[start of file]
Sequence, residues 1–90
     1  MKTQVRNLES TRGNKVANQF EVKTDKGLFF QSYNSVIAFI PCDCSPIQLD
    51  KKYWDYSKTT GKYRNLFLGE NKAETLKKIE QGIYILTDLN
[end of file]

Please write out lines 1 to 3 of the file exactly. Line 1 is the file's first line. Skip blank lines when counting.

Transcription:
Sequence, residues 1–90
     1  MKTQVRNLES TRGNKVANQF EVKTDKGLFF QSYNSVIAFI PCDCSPIQLD
    51  KKYWDYSKTT GKYRNLFLGE NKAETLKKIE QGIYILTDLN